United States of America, Plaintiff-appellee, v. Ernest Edward Simpson, A/k/a Kraivut Jaralak, Defendant-appellant, 981 F.2d 1252 (4th Cir. 1992)Annotate this Case
Submitted: July 22, 1992Decided: December 28, 1992
Appeal from the United States District Court for the District of Maryland, at Baltimore. Herbert F. Murray, Senior District Judge. (CR-91-108-HM)
Michael E. Kaminkow, Harry Levy, Andrew H. Levine, Schulman, Treem, Kaminkow & Gilden, P.A., Baltimore, Maryland, for Appellant.
Richard D. Bennett, United States Attorney, Geoffrey R. Garinther, Assistant United States Attorney, Baltimore, Maryland, for Appellee.
Before WILKINSON, NIEMEYER, and HAMILTON, Circuit Judges.
Ernest Edward Simpson entered a guilty plea to two counts of bank fraud in violation of 18 U.S.C.A. § 2, 1344 (West 1969 & Supp. 1992), and appeals the sentence he received on the ground that the district court incorrectly determined his criminal history category. We affirm.
In calculating Simpson's criminal history as category V, the probation officer gave him two criminal history points under guideline section 4A1.1(b)1 for a six-month state sentence which was imposed after his arrest on federal bank fraud charges but before his guilty plea. One additional point was awarded under guideline section 4A1.1(e) because the current offense was committed less than two years after Simpson's release from confinement on a prior state drug offense. Although he filed no written objections to the presentence report, Simpson contested these two criminal history recommendations at the sentencing hearing. First, he asserted that prior to his guilty plea the government agreed not to release him to state authorities in return for his cooperation "while these proceedings were pending," and that his release and sentencing in June 1991 were in violation of that agreement. He argued that fairness required the deletion of the two points awarded under section 4A1.1(b). No confirmation of such an agreement was produced, however, and the government did not concede that such an agreement existed at the time Simpson was turned over to state authorities.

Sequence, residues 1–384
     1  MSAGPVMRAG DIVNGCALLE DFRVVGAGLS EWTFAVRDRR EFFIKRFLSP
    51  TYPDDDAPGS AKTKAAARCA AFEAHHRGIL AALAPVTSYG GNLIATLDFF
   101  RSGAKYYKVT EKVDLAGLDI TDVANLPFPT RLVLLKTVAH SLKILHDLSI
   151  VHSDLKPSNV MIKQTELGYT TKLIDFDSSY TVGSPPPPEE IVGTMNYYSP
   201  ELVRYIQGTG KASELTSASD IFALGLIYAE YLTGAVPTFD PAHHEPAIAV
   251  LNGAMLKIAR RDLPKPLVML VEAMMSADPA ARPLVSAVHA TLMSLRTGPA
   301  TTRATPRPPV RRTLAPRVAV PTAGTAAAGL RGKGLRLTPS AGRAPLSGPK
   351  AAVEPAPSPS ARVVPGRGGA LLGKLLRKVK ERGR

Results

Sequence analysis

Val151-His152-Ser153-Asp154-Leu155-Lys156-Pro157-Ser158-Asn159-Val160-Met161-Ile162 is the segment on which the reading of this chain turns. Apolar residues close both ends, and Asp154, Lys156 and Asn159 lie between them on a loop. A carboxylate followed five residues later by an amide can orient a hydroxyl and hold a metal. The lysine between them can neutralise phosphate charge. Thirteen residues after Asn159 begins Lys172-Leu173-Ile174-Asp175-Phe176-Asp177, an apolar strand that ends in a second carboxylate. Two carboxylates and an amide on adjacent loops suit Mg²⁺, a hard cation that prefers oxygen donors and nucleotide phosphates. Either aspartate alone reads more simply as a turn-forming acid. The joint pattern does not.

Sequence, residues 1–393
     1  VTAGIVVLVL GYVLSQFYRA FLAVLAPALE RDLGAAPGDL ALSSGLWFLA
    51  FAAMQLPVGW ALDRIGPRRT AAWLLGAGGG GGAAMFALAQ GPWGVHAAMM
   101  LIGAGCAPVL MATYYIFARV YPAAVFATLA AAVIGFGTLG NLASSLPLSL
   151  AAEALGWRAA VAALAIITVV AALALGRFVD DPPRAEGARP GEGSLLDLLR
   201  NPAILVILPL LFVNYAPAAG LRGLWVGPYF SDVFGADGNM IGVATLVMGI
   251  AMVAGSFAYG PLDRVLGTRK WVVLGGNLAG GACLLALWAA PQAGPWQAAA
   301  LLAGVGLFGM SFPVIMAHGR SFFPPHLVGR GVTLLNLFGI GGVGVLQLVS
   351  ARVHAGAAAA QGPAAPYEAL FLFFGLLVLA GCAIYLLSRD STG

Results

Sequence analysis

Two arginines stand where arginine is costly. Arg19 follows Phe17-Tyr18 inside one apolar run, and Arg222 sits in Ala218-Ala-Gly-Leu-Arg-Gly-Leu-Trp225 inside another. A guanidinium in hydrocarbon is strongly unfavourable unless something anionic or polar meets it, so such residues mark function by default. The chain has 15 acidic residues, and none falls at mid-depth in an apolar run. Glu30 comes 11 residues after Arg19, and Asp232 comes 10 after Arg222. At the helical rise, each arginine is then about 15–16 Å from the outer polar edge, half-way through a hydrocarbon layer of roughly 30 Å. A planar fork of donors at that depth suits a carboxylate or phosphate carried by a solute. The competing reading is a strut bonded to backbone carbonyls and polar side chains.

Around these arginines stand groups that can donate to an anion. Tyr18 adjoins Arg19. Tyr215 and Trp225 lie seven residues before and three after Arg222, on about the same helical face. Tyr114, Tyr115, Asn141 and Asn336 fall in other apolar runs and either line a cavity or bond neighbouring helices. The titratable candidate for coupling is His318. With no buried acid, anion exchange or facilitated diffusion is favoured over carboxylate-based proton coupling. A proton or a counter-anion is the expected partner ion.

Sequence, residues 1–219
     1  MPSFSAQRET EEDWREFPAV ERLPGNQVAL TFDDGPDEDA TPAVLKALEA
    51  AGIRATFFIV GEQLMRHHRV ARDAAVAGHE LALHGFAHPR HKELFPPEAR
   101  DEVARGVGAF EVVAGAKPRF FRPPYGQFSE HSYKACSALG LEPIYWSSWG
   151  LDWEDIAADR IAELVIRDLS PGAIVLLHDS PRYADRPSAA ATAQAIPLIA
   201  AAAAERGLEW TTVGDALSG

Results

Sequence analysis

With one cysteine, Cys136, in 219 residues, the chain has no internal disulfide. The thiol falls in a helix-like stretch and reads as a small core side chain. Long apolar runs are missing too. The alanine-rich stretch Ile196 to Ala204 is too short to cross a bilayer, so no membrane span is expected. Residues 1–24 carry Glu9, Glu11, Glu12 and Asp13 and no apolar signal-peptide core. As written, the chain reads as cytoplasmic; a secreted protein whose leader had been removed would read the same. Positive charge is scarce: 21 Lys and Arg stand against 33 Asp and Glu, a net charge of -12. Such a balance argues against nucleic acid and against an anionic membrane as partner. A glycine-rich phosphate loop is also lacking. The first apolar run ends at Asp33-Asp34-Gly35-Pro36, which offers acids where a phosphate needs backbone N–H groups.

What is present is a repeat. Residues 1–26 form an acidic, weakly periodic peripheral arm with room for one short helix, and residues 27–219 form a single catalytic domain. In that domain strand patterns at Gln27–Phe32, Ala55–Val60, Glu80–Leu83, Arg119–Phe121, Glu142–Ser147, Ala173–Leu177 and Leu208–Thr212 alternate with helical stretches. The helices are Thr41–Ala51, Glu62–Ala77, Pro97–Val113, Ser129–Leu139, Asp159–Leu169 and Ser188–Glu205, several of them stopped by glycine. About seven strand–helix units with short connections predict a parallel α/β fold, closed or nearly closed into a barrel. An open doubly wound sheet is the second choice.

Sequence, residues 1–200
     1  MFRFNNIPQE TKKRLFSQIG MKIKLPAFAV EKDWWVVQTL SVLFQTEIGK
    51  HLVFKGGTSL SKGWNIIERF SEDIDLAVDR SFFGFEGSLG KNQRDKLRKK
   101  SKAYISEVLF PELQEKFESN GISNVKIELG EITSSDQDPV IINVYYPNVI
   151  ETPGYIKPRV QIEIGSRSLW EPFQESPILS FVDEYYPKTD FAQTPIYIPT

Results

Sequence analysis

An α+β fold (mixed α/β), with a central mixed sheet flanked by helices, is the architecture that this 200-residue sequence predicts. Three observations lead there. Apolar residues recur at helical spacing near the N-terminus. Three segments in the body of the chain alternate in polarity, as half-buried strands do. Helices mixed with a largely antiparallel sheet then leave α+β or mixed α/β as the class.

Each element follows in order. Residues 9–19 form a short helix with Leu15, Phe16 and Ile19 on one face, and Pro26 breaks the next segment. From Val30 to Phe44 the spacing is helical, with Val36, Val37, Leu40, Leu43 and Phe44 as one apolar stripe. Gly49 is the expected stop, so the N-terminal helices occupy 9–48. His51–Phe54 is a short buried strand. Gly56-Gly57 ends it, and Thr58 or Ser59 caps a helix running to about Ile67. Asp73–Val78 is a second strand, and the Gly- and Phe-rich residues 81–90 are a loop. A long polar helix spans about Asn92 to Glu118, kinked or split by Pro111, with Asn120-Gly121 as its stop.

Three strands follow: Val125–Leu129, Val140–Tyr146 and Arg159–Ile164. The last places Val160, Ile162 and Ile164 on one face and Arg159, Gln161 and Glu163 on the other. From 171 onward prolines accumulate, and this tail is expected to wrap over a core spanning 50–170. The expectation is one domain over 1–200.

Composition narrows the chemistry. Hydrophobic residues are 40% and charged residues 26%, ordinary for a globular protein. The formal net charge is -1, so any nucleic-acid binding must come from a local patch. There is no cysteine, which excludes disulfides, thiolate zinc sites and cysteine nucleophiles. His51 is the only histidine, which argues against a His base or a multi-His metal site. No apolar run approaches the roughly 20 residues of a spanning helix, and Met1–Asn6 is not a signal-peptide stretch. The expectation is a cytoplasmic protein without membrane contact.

In this appeal, Simpson maintains that the government agreed in March or April 1991 to keep him in federal custody until final disposition of his case in return for his cooperation. The government acknowledges only that a cooperation agreement was reached in early August 1991, at which time the United States Marshall's Service was asked not to release him to other jurisdictions until after his guilty plea in September. We find that the two criminal history points were correctly given under section 4A1.1(b). No direct evidence was introduced in the district court which established the existence of an agreement to protect Simpson from incurring additional criminal history points by being sentenced in another jurisdiction before his federal sentencing in December 1991.2
Second, Simpson contends that he was incorrectly awarded one criminal history point under section 4A1.1(e) for committing the current offense within two years of his release from a prior sentence which was counted under section 4A1.1(c). This argument has merit. Section 4A1.1(e) applies only when the prior sentence is counted under section 4A1.1(a) or 4A1.1(b). However, a decrease of one criminal history point would leave Simpson with eleven points and would not change his criminal history category. Resentencing is thus not required.
We therefore affirm the judgment of the district court. Simpson's motion for leave to file a supplemental brief is denied. We have dispensed with oral argument on the motion of the parties.
United States Sentencing Commission, Guidelines Manual (Nov. 1991)
Even if Simpson had avoided being sentenced in state court through an agreement such as he alleges was made, the district court could have considered the pending state sentencing and departed upward under U.S.S.G. § 4A1.3 on the ground that Simpson's criminal history category was inadequate